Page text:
Freeports are a repeat of failed trickle-down economics, not welcome in Scotland

Freeports have no place in a fairer, greener Scotland

Freeports are a repeat of the failed 80s experiment in ‘trickle-down economics’, act as mini tax-havens and risk attracting criminal activity, says the Scottish Greens finance spokesperson Ross Greer MSP.

This morning, Mr Greer was the only MSP on the Finance and Public Administration Committee to oppose legislation enabling two Scottish freeports and their associated tax breaks.

In his questioning of the Minister for Community Wealth and Public Finance, Tom Arthur and in a short speech before the vote, Mr Greer highlighted that the tax breaks provided would apply even to companies based in overseas tax havens such as the Cayman Islands and that there are no requirements for businesses operating in the freeports to pay their workers decent wages or to recognise trade unions.

Speaking after the vote, Mr Greer said:

“These freeports are certainly not green. Quite the opposite. They’re a repeat of a failed Tory experiment in trickle-down economics, essentially creating mini tax havens that allow corporations to get out of paying their fair share to support the NHS and other services that we all rely on.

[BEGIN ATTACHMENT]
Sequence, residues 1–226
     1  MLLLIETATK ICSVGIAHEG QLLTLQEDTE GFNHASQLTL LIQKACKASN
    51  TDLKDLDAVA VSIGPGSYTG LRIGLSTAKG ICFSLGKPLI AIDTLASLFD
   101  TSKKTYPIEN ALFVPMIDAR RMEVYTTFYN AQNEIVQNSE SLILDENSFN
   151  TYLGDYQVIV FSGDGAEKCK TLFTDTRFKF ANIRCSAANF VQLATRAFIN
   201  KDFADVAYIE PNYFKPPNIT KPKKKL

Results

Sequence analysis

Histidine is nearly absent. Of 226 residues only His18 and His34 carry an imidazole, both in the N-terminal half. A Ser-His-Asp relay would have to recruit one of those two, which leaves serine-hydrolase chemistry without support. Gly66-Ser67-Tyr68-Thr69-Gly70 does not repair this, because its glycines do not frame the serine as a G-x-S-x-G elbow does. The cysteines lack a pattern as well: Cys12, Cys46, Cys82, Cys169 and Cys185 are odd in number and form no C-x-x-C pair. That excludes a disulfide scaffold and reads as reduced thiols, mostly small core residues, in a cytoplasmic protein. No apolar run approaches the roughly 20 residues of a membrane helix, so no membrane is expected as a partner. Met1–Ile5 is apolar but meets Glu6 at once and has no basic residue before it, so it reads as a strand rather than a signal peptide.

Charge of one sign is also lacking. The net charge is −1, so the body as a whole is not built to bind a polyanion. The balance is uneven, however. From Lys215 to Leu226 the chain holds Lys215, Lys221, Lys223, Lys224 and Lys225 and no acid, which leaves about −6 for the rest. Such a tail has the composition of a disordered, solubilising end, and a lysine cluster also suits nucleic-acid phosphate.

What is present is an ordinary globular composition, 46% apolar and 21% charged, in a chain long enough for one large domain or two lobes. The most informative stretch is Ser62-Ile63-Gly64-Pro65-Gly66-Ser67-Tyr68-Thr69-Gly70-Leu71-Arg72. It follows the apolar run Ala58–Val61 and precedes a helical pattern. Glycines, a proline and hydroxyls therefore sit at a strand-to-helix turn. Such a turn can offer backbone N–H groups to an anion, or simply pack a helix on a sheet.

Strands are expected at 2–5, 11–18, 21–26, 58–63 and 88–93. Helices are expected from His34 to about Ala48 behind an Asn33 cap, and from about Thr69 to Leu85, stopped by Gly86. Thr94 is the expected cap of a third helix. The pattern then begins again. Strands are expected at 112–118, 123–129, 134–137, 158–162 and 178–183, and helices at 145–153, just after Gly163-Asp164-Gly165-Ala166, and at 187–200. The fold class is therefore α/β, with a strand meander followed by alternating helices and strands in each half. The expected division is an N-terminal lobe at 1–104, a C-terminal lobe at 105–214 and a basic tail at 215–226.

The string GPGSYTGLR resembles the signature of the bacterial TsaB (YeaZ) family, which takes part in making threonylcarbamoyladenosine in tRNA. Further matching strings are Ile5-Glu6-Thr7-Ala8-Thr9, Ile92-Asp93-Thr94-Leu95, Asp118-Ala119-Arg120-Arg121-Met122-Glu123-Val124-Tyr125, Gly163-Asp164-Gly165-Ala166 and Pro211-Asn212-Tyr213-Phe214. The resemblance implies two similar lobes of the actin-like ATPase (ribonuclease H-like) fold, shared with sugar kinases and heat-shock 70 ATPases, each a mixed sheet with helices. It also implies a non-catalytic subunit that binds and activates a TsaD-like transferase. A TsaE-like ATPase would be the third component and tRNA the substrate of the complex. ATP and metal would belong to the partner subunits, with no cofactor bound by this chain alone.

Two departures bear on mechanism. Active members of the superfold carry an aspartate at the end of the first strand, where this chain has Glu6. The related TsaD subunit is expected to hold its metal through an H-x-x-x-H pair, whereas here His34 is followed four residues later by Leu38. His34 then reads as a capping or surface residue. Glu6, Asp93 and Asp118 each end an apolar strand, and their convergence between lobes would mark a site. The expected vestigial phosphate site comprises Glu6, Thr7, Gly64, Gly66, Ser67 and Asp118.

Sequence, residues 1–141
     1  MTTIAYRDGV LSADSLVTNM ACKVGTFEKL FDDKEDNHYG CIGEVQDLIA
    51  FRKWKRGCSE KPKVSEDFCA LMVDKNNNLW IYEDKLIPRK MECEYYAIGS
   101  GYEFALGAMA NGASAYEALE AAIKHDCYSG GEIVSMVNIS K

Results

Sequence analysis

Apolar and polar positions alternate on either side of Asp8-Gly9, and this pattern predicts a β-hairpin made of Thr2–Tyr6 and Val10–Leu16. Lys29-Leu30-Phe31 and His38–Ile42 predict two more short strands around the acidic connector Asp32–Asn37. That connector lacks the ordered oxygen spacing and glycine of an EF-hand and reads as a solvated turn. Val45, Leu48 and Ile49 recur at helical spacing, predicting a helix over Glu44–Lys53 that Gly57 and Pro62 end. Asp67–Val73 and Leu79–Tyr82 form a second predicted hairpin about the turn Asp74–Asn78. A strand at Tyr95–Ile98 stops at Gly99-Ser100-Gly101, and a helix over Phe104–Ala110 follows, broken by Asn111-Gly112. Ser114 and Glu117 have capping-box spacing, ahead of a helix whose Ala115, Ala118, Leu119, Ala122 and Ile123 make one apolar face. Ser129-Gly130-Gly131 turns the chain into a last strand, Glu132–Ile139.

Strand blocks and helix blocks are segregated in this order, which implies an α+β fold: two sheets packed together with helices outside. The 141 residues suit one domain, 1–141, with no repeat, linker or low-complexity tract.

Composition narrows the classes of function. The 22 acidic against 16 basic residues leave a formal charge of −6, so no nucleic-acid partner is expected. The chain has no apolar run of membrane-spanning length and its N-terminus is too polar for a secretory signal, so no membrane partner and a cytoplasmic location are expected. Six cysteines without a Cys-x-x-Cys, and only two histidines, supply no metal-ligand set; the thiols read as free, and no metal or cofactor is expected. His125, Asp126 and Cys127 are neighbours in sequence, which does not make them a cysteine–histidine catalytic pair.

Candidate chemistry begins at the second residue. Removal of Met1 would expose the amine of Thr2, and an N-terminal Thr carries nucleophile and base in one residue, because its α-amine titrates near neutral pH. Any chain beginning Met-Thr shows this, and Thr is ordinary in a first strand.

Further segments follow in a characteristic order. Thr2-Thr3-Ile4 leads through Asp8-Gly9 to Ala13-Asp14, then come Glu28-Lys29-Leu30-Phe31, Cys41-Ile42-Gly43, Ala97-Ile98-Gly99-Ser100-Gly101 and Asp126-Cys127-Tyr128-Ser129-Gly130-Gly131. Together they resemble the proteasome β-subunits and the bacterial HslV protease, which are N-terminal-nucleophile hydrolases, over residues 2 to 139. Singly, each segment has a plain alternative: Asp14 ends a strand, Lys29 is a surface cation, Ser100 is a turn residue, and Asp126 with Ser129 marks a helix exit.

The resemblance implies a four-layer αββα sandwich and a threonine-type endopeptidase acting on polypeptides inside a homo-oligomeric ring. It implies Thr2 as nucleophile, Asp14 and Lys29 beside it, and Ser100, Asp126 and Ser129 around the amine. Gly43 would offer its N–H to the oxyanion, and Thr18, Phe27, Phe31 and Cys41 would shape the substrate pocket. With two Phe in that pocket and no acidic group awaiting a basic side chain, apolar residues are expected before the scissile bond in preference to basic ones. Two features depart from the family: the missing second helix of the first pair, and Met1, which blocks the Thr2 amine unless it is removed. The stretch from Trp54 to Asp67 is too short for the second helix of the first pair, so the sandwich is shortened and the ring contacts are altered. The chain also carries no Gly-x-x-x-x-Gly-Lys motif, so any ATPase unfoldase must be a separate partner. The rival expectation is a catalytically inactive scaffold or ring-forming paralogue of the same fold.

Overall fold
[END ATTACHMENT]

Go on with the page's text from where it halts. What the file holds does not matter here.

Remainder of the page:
“The freeport experiment of the 1980s only worsened inequality by moving jobs around the country rather than creating new ones. In the case of these Scottish freeports there is a real risk of jobs being moved from a west coast already struggling with depopulation to an east coast which, in relative terms, is thriving.

“Internationally, but especially in Europe, freeports are associated with organised crime, especially money laundering, smuggling and the exploitation of workers. That presents a major risk to Scotland’s international reputation.

“Devolution allows us to do things differently in Scotland. Given the absolute disaster that is the UK’s Tory government, different is exactly what we should be aiming for.

"We should be pushing for better standards and support for workers and trade unions. At the very least we should exclude companies based in tax havens from buying property in Scotland, never mind being given tax breaks to do so.

“We can’t achieve prosperity through deregulation and tax breaks for the super-rich. These are ideas that have already been tested to destruction and have failed every time.

“The Scottish Greens want the eye watering profits of big business to be reinvested in our communities, not squirrelled offshore to tax havens.”